Harry Reid’s filibuster reform: Why it might succeed.

Why Filibuster Reform Always Fails, and Why This Time It Might Not

Why Filibuster Reform Always Fails, and Why This Time It Might Not

Who's winning, who's losing, and why.
July 15 2013 5:40 PM

Filibuster Reform Might Actually Happen

It always fails at the last minute. But here’s why the latest Democratic effort could succeed.

U.S. Senate Majority Leader Harry Reid takes part in a panel discussion titled "The Awesome Responsibility of Leadership" at the Milken Institute Global Conference in Beverly Hills, California April 29, 2013.
Senate Majority Leader Harry Reid is determined not to be undone by gangs this time.

Photo by Gus Ruelas//Reuters

Anyone who’s been living in Washington for a while assumes he or she knows how the periodic fight over the filibuster ends. The majority party issues a threat of a nuclear option. The minority party threatens to respond by “blowing up the Senate.” (Notice a theme to these metaphors?) Then, like the wisecracking partner who was left for dead in the second act of the movie, a senator unexpectedly rides in and announces a deal that ends the crisis—while leaving the filibuster exactly the same.

David Weigel David Weigel

David Weigel is a reporter for the Washington Post. 

The inevitability of the failure of reform is probably why Majority Leader Harry Reid has spent the past 72 hours trying to convince everyone that the filibuster will really, truly be changed when the Senate considers it Tuesday. Reid and other Democrats are pushing for a rule change that would bar the filibuster for most presidential nominees, though leave it intact for legislation and judicial nominations. On Monday morning Reid arrived at the small 10th-floor event space of the Center for American Progress to give a speech about the need to change Senate rules, and to snarl at reporters who doubted he’d really do that.

Questioners took their turns, attempting to get Reid to float a compromise or to at least admit that he used to defend the filibuster. He once called it “part of the fabric of this institution,” and “an integral part of our country’s 217 years of history,” and now he was saying that “the Founding Fathers wanted an up-or-down vote, and that's basically what we've been crying for years.” ABC News’ Jeff Zeleny politely asked him to explain the hypocrisy.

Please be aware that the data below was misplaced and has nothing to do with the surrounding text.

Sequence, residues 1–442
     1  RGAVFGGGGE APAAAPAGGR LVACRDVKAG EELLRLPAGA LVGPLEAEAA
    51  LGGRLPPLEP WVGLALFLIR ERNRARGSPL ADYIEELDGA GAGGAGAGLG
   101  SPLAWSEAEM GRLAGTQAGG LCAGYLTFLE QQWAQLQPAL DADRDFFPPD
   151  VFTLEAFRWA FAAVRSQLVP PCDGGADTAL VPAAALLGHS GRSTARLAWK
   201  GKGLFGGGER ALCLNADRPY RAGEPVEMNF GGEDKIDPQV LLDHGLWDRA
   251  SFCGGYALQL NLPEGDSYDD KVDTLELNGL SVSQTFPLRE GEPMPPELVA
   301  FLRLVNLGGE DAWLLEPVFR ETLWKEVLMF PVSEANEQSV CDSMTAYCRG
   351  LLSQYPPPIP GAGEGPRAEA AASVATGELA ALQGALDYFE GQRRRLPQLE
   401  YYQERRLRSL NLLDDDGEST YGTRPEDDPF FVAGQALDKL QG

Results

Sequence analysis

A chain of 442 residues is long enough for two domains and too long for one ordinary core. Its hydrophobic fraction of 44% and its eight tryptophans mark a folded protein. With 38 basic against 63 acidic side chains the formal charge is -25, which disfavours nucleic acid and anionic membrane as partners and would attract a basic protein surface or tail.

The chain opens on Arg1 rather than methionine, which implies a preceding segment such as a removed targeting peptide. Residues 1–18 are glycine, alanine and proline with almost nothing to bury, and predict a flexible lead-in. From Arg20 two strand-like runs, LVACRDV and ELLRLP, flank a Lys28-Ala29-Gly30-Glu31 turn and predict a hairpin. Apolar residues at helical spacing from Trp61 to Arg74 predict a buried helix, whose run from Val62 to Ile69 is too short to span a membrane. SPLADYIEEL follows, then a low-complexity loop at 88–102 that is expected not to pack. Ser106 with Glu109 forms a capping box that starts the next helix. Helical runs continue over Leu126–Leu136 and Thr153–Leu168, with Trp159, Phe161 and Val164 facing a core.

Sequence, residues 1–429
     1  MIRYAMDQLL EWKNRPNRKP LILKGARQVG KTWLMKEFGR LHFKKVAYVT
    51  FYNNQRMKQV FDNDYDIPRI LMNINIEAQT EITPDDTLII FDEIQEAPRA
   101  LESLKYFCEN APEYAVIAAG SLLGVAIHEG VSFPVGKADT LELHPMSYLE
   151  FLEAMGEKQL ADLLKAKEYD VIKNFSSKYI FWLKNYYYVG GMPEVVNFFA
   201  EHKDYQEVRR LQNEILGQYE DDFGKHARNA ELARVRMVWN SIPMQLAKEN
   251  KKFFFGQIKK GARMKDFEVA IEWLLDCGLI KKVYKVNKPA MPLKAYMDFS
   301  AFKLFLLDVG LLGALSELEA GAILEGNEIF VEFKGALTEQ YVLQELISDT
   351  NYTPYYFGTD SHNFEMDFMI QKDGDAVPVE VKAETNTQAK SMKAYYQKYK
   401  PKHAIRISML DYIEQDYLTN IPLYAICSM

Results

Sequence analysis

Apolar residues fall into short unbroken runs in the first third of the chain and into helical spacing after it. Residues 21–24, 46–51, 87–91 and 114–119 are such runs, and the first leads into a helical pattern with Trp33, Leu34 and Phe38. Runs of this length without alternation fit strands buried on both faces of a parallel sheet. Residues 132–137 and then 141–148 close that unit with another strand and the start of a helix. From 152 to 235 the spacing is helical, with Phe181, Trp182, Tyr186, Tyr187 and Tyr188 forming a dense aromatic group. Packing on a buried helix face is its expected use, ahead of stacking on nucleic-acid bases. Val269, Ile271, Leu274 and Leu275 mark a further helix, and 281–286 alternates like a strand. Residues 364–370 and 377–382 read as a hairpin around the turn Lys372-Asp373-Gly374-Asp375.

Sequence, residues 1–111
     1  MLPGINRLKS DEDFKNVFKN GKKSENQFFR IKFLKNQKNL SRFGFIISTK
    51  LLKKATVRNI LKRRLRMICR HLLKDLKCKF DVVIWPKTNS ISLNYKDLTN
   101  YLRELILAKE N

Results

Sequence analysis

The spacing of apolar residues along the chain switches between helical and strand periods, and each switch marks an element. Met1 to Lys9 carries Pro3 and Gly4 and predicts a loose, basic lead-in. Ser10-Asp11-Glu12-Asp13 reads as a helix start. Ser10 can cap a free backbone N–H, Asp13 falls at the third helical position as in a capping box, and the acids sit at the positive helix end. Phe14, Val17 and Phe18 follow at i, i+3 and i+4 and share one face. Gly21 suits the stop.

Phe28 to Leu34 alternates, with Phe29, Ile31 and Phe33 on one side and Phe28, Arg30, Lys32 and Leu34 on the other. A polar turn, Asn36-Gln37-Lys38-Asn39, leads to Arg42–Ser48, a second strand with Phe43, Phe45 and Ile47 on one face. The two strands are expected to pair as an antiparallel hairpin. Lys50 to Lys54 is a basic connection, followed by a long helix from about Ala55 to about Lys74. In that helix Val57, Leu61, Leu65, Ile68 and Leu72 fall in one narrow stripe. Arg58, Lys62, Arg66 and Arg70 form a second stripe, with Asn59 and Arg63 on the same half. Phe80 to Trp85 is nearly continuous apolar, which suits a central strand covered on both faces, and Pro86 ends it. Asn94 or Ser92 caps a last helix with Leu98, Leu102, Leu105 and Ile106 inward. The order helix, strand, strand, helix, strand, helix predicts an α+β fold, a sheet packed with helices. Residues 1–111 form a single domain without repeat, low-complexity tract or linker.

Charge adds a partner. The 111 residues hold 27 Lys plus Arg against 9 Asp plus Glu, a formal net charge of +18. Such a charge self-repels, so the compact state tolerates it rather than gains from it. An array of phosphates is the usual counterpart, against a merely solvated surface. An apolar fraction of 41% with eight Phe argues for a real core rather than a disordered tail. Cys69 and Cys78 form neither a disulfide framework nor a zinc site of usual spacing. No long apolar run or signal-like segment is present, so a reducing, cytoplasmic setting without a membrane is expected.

“What it is, is that you don’t understand the right question,” said Reid. “I wasn’t talking about changing the rules for nominees. I was talking about changing the rules for judges.”


That distinction can get lost, but it’s important, and it explains why Democrats are seemingly so ready to change the rules. The great filibuster standoff of 2005, the last one to occur with Republicans in control of the Senate, was sparked by years of failed cloture votes on George W. Bush’s judicial nominees. The stakes of judicial battles are obviously high, because the winners get to don dark robes for the rest of their lives. John Roberts was nominated for a slot on the D.C. Circuit in 2001. He finally got confirmed in 2003. Two years later he was the chief justice of the Supreme Court, and he’ll be alternately vexing or surprising liberals for a few more decades.

Reid, for now, is only concerned with making it easier to confirm non-lifetime appointees to the executive branch. He counts seven jobs in limbo, including the top roles at the EPA, Department of Labor, and (somewhat prematurely) the Department of Homeland Security. The four stuck jobs that Democrats care about the most are the directorship of the Consumer Financial Protection Bureau and three Democratic seats on the National Labor Relations Board.